Producing Interactive Audio

Creating an Adaptive Audio Engine
 
Producing Interactive Audio
Introduction

The Rules of Interactive Sound Design

Creating an Adaptive Audio Engine

Case Study: The GEX Project

Only the Beginning

Tools of the Trade

Getting More Info about the IASIG

Armed with the desire for truly interactive audio, we at Crystal Dynamics set out to create our own sound driver for the Sony PlayStation and, perhaps later, for Windows 95. From my notions of interactivity and set of rules for interactive audio, we derived a number of design goals for our driver.

EMPHASIZE MIDI OVER DIGITAL AUDIO. For most of our products, MIDI and custom DLS-like instruments are a better way to go than Red Book or streaming digital audio. Rules 1 and 5 have some implications for Red Book audio. Red Book audio sounds great, but fortunately for Crystal Dynamics, our programmers know how to get the most out of the CD-ROM drive for game play. Therefore, it's not always available for audio. Furthermore, creating interactive sound designs using streamed, branching digital audio segments is limited in many ways, primarily by disk space, seek times, bus bandwidth, and buffer sizes. Red Book, or any kind of linear, streamed digital audio requires a lot of storage space in any situation. But it becomes even more problematic in an adaptive setting where each variation of a given section of music has to be remixed and stored uncompressed. Finally, most consoles (including the PlayStation) save money by using inexpensive (read, slow and not very reliable) CD-ROM drives. Thus, the constant seeking and playing of digital audio tracks is likely to tax the CD-ROM drive to the point of failure. Red Book audio should therefore be reserved for noninteractive sections of the game, such as title screens.

On the other hand, MIDI is small, compact, and easily modifiable on the fly. The PlayStation has its own dedicated sound RAM, and all of the data needed for a level can be loaded in less than a second. Once loaded, the data is out of the way and the CD-ROM returns to its other duties. Furthermore, the PlayStation contains a pretty good sampler. Respectable music and sound effects were created for the Super Nintendo as well, but that platform suffered from limited sound RAM. Fortunately, the PlayStation has almost ten times as much sound RAM, much better sound interpolation (an on-the-fly sample rate conversion technique used to stretch a sample up or down the keyboard from its native pitch), and superior DSP (used for reverb and the like). In my opinion as a confirmed curmudgeon, anyone who says that they can't make high-quality MIDI music on the PlayStation under these conditions is just whining about the amount of work involved in such an endeavor.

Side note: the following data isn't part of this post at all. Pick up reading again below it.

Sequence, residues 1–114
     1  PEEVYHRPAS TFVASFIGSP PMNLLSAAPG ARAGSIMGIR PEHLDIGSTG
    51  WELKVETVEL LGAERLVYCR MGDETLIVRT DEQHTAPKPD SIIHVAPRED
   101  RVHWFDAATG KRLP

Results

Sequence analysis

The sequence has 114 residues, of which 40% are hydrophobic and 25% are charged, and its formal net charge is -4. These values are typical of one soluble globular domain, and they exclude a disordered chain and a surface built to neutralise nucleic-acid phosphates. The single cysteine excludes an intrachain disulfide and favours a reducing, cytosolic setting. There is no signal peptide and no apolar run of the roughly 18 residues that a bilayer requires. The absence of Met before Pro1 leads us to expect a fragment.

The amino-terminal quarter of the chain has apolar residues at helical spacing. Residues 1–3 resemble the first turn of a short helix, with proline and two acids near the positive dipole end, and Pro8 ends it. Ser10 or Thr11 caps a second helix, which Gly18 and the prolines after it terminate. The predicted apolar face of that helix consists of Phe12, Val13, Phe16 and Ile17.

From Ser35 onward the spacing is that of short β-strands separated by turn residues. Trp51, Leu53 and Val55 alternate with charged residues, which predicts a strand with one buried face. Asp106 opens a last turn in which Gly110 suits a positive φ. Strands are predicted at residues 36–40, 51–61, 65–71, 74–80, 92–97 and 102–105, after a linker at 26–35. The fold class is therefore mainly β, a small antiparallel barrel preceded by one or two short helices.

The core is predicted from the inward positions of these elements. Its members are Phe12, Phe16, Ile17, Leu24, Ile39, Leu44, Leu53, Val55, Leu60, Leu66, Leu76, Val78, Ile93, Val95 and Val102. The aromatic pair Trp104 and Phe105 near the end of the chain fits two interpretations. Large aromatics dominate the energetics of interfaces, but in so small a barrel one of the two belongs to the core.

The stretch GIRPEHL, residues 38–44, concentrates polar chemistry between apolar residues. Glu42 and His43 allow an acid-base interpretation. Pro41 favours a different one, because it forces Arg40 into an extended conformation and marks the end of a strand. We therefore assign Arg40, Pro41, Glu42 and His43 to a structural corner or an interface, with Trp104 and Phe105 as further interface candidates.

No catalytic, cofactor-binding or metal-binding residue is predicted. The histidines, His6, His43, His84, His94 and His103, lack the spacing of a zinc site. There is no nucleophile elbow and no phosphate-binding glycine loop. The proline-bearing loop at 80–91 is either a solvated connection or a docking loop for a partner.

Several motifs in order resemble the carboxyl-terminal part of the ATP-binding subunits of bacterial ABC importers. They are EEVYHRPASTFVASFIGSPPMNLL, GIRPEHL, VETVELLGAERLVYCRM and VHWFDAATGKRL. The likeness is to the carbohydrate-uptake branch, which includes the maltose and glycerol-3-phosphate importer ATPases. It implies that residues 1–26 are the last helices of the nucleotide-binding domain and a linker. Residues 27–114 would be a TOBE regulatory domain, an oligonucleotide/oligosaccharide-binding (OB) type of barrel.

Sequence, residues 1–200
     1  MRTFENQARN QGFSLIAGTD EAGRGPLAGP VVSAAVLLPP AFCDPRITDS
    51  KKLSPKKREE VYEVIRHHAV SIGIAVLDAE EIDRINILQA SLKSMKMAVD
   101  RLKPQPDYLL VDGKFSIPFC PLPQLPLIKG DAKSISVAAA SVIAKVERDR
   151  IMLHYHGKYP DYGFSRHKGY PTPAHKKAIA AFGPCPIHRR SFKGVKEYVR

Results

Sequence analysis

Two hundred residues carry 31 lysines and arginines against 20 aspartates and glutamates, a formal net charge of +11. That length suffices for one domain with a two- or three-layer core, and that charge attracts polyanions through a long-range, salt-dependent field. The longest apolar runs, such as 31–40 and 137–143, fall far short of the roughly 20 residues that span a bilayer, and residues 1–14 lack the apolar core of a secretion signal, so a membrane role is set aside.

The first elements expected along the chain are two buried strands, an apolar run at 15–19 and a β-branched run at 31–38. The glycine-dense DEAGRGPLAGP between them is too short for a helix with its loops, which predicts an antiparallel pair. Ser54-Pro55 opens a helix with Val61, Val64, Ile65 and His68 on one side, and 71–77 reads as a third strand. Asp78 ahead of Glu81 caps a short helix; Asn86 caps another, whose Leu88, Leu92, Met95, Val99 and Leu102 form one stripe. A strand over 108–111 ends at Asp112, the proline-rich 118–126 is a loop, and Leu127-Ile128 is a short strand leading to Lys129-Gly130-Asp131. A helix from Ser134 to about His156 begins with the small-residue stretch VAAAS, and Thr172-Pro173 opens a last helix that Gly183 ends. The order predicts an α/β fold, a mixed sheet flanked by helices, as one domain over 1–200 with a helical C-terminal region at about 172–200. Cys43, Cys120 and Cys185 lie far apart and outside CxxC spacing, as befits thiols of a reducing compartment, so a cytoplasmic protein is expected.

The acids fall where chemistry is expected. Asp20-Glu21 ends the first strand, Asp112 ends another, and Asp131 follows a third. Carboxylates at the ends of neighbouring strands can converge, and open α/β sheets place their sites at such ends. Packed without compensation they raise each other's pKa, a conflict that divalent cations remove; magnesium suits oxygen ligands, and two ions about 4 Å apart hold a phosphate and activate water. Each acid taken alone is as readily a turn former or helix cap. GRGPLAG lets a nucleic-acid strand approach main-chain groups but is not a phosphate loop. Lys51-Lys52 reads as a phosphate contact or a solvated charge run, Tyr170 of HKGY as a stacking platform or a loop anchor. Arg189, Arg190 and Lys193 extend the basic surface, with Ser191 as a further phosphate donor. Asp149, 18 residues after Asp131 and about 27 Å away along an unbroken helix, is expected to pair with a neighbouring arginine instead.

KEEP SOUND DRIVERS EFFICIENT. When we considered replacing the existing sound driver with our own technology, we decided that our code would need to be faster, smaller, easier to implement, and more capable than the code we would be replacing. Otherwise, the project was not worth undertaking. Rule 1 dictates that sound drivers must be small and fast, since both system RAM (where the driver resides) and CPU time are scarce commodities in a fully rendered 3D world. Making sound drivers easy to use is important; programmer and game designer time are limited commodities, so making basic implementation easier leaves more time for these folks to work on making the world ready for your interactive audio.

There should also be a simple, consistent means for your game to communicate relevant information about itself to the sound driver. Adding interactive sound capabilities requires programmers and designers to spend more time communicating information to the sound driver about the state of the world and the characters within it. At Crystal Dynamics, we tried to remedy this situation by communicating the state of the world to the sound driver in the form of a set of simple, numerically registered variables. Most often, we use values from 0 to 127 so that they could be set from standard 7-bit MIDI controllers. Thus, the number of enemies alive on the screen might be represented as one 7-bit variable. Your distance from the level's exit might be stored in another. We have tried to use these same variables throughout the game so that they only need to be coded once.

CODE OR DIE. It's important to put the logic programming in the hands of the sound designer, not the game programmer. Rule 8 clearly shows the logic behind this. It's hard enough to explain which aspects of the world you need to track. It's almost impossible (and I think unreasonable) to expect the game programmers to write code to mute and unmute specific MIDI channels when various condition arise. To solve this problem, we created (with some help from Jim Wright at IBM's Watson research lab) a programming language that allows us to author logical commands within a stock MIDI sequencing environment and store them within a standard MIDI file. The language contains a set of fairly simple Boolean functions (if then, else, endif), navigational commands (goto, label, loop, loop end), a set of data manipulation commands (get, set, sweep), and parameter controls (channel volume, pan, transpose, and so on). Next, we created an auditioning tool that allowed us to simulate the run-time game environment, kick out logic-enhanced sequences, manipulate the game state variables, send commands, and see what happens.
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